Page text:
DES MOINES, Iowa (2/5/13)--If credit unions lose their tax-exempt status, the U.S. economy would lose the only financial institutions that are motivated by a desire to serve people, according to an opinion-editorial by the head of the Iowa Credit Union League.
Better rates and lower fees saved Iowans more than $76 million in 2012, wrote Patrick Jury, president/CEO of the Iowa Credit Union league, in a Saturday op-ed in The Gazette.
Defending the credit union tax exemption is the Credit Union National Association's No. 1 priority this year, CUNA President/CEO Bill Cheney has said. Several credit union leagues such as those in Ohio and Oregon are monitoring tax reform proposals in their states.
"Consumers benefit by having credit unions in the financial marketplace," Jury wrote. "While Iowa credit unions make up only 10% of this market, this competition creates a better environment for consumers and keeps bank fees from getting even more outrageous. The bankers do not like this competition, and are attacking the credit union tax status, claiming that increasing taxes on credit unions would help solve America's fiscal woes. Bankers want to raise the taxes of Iowa's credit union member owners."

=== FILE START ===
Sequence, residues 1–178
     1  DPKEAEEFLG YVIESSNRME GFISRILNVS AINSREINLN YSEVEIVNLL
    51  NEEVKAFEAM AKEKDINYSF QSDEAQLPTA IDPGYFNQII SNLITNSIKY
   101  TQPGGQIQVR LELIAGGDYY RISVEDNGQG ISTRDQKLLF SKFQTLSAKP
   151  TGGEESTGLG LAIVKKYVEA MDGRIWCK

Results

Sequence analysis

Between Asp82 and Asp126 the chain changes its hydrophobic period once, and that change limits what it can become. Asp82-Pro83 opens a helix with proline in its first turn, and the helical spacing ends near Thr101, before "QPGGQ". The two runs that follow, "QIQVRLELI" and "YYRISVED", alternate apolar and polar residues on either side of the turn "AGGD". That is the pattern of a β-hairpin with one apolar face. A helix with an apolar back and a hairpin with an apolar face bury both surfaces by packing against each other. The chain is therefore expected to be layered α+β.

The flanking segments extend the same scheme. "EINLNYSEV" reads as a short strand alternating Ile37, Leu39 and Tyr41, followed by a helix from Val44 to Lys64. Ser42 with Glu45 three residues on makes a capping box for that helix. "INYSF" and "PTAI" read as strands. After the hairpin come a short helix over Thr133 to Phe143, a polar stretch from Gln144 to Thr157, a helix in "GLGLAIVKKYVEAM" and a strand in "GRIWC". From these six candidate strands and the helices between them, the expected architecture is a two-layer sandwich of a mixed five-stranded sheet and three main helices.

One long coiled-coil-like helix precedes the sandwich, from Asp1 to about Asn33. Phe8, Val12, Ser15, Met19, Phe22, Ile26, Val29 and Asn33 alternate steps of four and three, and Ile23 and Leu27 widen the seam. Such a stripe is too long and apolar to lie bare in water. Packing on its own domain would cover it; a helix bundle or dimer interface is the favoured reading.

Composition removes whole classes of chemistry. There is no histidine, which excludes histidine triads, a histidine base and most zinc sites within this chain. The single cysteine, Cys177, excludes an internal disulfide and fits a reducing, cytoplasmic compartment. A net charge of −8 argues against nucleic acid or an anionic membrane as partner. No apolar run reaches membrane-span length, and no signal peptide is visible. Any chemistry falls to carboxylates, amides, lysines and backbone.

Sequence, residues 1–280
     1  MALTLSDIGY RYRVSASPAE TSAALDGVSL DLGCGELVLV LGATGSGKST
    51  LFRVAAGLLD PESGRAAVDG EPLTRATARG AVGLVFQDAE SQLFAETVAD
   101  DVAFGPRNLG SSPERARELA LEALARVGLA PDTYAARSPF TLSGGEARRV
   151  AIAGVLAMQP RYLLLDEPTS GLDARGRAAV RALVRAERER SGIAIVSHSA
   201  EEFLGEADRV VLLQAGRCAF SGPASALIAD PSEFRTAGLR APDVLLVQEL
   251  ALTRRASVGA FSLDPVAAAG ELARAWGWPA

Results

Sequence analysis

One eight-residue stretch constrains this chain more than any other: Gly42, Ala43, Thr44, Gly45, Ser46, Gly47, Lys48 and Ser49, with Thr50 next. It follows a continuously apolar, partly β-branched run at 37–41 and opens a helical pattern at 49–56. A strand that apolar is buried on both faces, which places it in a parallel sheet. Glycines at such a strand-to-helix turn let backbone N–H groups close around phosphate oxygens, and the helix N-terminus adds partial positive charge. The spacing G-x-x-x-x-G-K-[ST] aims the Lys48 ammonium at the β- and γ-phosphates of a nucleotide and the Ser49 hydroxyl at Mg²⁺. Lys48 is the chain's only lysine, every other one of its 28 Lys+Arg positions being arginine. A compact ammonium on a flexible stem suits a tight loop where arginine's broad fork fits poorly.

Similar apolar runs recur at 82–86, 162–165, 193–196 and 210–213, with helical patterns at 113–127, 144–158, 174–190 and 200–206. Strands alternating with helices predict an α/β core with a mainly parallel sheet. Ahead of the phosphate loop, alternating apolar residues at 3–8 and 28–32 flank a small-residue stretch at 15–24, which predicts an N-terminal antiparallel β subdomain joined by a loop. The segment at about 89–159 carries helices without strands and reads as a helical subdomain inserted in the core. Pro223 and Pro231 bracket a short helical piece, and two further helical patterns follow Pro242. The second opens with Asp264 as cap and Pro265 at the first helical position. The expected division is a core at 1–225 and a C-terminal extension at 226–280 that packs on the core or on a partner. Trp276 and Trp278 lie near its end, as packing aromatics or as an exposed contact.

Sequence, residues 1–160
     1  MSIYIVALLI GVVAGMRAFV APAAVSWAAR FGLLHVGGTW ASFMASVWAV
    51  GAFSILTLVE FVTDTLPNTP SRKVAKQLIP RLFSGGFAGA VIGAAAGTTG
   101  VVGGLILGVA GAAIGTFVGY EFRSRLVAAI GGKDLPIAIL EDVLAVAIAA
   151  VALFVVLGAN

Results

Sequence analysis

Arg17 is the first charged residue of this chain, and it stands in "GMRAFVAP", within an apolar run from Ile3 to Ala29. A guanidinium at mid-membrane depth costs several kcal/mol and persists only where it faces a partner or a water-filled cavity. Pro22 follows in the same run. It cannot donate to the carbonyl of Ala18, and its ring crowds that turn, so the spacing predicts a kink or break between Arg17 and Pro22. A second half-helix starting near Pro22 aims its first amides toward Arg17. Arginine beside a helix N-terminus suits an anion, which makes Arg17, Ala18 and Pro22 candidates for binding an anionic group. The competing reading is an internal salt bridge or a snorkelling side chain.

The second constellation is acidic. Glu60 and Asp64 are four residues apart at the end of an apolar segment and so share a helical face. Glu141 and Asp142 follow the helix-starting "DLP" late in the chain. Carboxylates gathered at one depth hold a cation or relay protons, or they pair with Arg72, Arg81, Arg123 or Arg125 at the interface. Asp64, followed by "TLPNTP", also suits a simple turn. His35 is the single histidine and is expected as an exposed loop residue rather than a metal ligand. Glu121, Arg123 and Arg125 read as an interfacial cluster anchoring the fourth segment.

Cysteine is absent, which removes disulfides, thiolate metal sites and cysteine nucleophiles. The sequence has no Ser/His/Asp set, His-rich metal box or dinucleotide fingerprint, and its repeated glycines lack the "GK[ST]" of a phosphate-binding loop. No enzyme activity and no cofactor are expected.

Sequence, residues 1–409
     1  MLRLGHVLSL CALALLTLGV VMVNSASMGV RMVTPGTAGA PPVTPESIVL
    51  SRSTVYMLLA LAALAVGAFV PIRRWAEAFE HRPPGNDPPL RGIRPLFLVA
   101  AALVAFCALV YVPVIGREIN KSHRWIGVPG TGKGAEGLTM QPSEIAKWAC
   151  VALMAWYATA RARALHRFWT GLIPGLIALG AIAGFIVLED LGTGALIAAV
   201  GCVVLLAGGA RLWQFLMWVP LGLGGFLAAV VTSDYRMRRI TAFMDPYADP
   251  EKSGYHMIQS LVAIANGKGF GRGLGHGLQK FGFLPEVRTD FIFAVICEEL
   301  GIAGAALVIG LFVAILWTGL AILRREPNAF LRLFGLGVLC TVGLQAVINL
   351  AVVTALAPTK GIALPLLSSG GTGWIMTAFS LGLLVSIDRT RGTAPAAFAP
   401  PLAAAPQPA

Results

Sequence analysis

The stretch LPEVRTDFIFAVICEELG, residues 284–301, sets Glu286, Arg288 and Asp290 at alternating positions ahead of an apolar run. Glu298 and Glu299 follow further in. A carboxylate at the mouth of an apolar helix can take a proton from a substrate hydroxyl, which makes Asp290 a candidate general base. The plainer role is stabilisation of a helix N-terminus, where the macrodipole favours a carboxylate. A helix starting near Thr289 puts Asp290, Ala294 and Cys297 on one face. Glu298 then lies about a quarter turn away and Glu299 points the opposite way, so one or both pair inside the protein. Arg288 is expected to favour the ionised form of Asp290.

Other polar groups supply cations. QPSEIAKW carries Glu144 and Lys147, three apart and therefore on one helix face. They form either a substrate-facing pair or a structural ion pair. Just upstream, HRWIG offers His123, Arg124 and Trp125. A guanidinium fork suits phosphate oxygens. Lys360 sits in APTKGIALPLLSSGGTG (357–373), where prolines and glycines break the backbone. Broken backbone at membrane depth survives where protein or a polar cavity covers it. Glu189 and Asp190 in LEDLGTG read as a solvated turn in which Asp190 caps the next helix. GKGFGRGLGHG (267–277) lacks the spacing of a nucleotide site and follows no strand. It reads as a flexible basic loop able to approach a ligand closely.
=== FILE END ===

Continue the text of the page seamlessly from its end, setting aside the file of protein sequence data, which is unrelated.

Banks are pointing to national economic challenges as the rationale to tax credit union members, which just makes their claims more outlandish, Jury added. The idea that the banks would advocate for an increase of taxes--after [the Troubled Asset Relief Program] and the taxpayer bailout--on any Iowan "is self-serving," he said.
"Increasing taxes on credit unions increases taxes on Iowa credit union members," Jury wrote. "Credit unions would have to pass along the increased expense to their members in the form of higher fees, higher loan rates and lower savings dividends. There would be no incentive for credit unions to remain not-for-profit and our economy would lose the only sector of the financial industry that is not driven by profit, but, instead, a dedication to serve its members."
To read the op-ed, use the link.